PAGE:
A late-season surge has the Brumbies in 10th spot and 3rd in the Australian conference heading into the final round, but it is a case of too little too late for Dan McKellar’s men.
The side’s valiant effort in Hamilton wasn’t enough as they went down 24-19 to the Chiefs, making playoff qualification impossible and ending their season’s hopes. They will miss the finals for the first time in six years, after being Australian conference champions two years in a row.
This season has largely been a forgettable one for the Canberra franchise, suffering from dire crowd numbers, poor results and an identity crisis. The Chief Executive became the first in Super Rugby history to beg fans to show up, a sign of the club’s desperation.
Where to now for this beleaguered franchise?
The first season under head coach Dan McKellar promised a new style of attack after coming to the realisation that they needed to score more tries. Six months later that seems to be improving, the side were languishing at the bottom of the try scoring stats but have climbed upward in the final month after a promising run saw victories over the Sunwolves, Bulls and Hurricanes. The side averaged 5.3 tries per game over this stretch, compared to their season average of 3.3.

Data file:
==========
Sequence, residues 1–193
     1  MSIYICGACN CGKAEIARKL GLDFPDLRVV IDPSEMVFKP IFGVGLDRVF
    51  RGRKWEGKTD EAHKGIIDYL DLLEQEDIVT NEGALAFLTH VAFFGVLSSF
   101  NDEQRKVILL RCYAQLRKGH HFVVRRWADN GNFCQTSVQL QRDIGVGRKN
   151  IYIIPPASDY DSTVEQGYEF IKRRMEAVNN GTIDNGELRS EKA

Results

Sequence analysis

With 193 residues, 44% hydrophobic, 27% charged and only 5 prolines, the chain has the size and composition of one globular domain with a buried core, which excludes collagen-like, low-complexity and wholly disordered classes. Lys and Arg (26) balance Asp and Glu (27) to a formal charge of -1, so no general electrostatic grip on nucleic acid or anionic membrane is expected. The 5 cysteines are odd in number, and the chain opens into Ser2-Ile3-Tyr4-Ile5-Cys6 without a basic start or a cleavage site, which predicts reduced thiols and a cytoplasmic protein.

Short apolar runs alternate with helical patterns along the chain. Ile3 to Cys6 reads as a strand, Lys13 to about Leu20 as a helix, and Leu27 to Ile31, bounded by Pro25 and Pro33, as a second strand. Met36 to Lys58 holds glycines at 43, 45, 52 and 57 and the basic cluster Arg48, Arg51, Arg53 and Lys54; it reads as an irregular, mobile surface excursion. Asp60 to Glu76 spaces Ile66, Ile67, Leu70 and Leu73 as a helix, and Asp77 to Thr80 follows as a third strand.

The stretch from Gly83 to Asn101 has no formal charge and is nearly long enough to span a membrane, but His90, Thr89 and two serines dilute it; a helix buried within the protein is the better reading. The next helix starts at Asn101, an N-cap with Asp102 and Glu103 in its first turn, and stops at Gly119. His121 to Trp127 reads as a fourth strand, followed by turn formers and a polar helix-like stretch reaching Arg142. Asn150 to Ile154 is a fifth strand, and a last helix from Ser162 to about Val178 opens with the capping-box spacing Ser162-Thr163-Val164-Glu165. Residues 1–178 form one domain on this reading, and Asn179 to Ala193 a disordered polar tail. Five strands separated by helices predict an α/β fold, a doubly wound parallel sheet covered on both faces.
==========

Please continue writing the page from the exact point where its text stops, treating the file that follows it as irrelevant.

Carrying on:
There are signs of life under McKellar, after a start that yielded just three wins from the first 10 games. The head coach, who spent four years with the Brumbies as an assistant, may have just saved his head-coaching job for next year.
Co-captain and Brumbies legend Christian Lealiifano is heading to Japan for an off-season stint with Toyota and is still contemplating whether he has a future in Australia. The 31-year-old playmaker has made a miraculous comeback after a battle with Leukemia but has admitted he is ‘getting on a bit now’ and may look to finish with an overseas payday. His departure would be a headache for the Brumbies.
Local homegrown age-grade star Jordan Jackson-Hope was touted as the future when he debuted in 2016 as a 20-year-old, but has rarely been seen at all this year. Lealiifano’s departure could open the door for the youngster, who can play at flyhalf or inside centre.
The Brumbies other recent bet at flyhalf was on Nick Jooste, who was lured away from the Western Force by Stephen Larkham as a schoolboy, signing a full-time contract with the Canberra side in 2015. He was let go at the end of last year and now plays club rugby in Brisbane, looking to break into the Reds fold.
This has left the Brumbies with a looming problem, without a bridge between the Toomua-Lealiifano era and the next generation. With Wallabies midfielder Tevita Kuridrani seemingly also on his last legs, the Brumbies backline needs a regeneration. Kyle Godwin – signed from the Force this year – will only be a one-year stopgap, after he signed with Irish club Connacht.
At the top of the wish list is a quality flyhalf, but there are limited options in Australia. Quade Cooper has rejected approaches from the side and the nation is dealing with a shortage at the position. The team has Wharenui Hawera on the books who was a solid starter in 2017, without being spectacular and has shown some exciting glimpses in 2018. Whether he is a long-term solution that can lift the Brumbies into title contention is another story.